I've realised there's no point trying to have a nice house if you have pets and kids

·4 min read
Gavin Newsham with Nelly and an ill-fated cream rug - Christopher Pledger
Gavin Newsham with Nelly and an ill-fated cream rug - Christopher Pledger

When you’ve got three children and just as many pets, you never really know what you’re going to encounter from one day to the next.

Last week, for example, I was working at the kitchen table when I heard a violent retching sound emanating from the living room.

When I got up to investigate it transpired it was our older dog, Nell, doubled over and spewing what seemed like gallons of yellow bile, full of the grass she had been eating on her walk that morning, all over our cream, woollen rug. And I thought red wine was hard to get out.

There’s always something being ruined in our house; rugs, carpets, cushions, sofas – it’s the inevitable result of having three kids, two dogs and a cat all living under the same roof.

It’s why I’ve long thought there’s little or no reason in trying to improve your home when there’s always another messy accident just waiting to happen.

It seems I’m not the only one that thinks this way. A survey of 2,000 UK parents by Furniture Village has revealed that almost half of adults (45 per cent) have decided against buying new items for their home for fear that it will only be ruined by kids or animals, by a rip, a stain or a spillage.

In fact, I’ve all but given up. Everywhere you look, something or other has sustained some kind of damage. The new sofa, bought 18 months ago, has an ugly mark on one of the cushions from when candle wax dripped on it (so we turned the cushion over) and I’ve lost count of the number of rugs we’ve had in our living room.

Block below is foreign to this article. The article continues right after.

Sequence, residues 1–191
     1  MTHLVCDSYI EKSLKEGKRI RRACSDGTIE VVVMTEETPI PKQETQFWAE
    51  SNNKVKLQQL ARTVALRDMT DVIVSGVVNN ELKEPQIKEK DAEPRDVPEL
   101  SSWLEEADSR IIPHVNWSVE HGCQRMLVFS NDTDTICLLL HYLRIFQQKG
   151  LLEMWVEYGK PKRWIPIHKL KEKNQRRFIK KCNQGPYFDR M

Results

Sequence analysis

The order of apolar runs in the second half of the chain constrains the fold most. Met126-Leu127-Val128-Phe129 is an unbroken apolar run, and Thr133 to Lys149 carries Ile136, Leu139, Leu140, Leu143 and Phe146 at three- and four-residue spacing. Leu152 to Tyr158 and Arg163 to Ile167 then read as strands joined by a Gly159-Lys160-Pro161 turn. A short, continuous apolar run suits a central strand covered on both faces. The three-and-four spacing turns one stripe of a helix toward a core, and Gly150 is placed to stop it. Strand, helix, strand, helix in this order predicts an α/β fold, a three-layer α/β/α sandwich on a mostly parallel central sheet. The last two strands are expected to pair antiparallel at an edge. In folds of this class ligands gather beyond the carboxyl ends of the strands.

Soon, we will doubtless get another one because as well as the radioactive bile that our older dog deposited on it there are also little yellow patches caused by our five-month old puppy who still hasn’t quite mastered the toilet training yet. Mind you, my son is nearly 18 and he still wees on the toilet seat so there’s plenty of time yet.

When we got our first dog, nearly 10 years ago, our two cats at the time took exception to this new interloper, registering their disgust by disappearing upstairs and spraying over anything that seemed expensive.

We had to discard two mattresses and their duvets and three rugs, not to mention a bundle of clothes that the kids had left on their bedroom floors (presumably because the wardrobe was just out of reach).

The Furniture Village survey found that the average household suffers £117.93 of damage to furniture and furnishings each year purely because of their pets – that’s more than £2.3 billion across the United Kingdom. I think we probably spent that on cleaning products each time our cats staged one of their dirty protests (£117 that is, not £2.3 billion).

Apparently, the most common stains were caused by food, with 28 per cent of respondents saying they have marks on their sofa. We have had a takeaway curry stain on one of living room chairs that has been there since time began. Nothing can shift it. Indeed, when nuclear war ends life as we know it, all that will be left on earth are cockroaches and that stain. You can only imagine what that curry does to your insides.

Pen marks (21 per cent) were the next most common. We have a few of those too, most notably the red permanent marker that seeped through the page and on to our new duvet cover during lockdown. Greasy hands (14 per cent), wine (13 per cent) and animal dribble (11 per cent) also scored highly but, strangely, placing a red-hot saucepan and singeing a newly-sanded wooden kitchen worktop didn’t feature, presumably because they didn’t ask me about my eldest daughter’s culinary skills.

The study also found that the average time it took for damage to occur to a new item after its delivery was just 56 days. I’d take that. When my youngest daughter was three she had been watching Bob The Builder on our brand new television and, while I was doing some DIY, had taken a piece of sandpaper to the screen, within hours of it arriving. Can we scratch it? Yes, we can.

Interestingly, around 64 per cent of parents said they would wait until their kids had grown up before investing in any expensive items for their house, the idea being that with age comes not just maturity but also a new-found respect for the things around you. I’m not so sure. I can’t really see us making any major changes to how our house looks until our three kids finally go off to college or leave home. Maybe they’ll take the pets with them too.

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